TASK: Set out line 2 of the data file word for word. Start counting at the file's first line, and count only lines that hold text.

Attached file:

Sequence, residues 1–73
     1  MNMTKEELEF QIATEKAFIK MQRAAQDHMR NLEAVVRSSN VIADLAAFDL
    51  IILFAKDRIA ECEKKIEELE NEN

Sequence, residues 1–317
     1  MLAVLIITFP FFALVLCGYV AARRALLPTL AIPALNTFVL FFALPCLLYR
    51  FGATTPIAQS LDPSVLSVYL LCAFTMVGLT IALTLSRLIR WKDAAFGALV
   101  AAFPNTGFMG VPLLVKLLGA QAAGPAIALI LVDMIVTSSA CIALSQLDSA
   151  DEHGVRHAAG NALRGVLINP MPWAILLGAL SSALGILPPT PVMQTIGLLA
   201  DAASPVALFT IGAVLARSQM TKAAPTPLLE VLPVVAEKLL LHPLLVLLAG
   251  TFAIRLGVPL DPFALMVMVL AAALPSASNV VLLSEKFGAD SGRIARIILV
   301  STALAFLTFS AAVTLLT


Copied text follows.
     1  MNMTKEELEF QIATEKAFIK MQRAAQDHMR NLEAVVRSSN VIADLAAFDL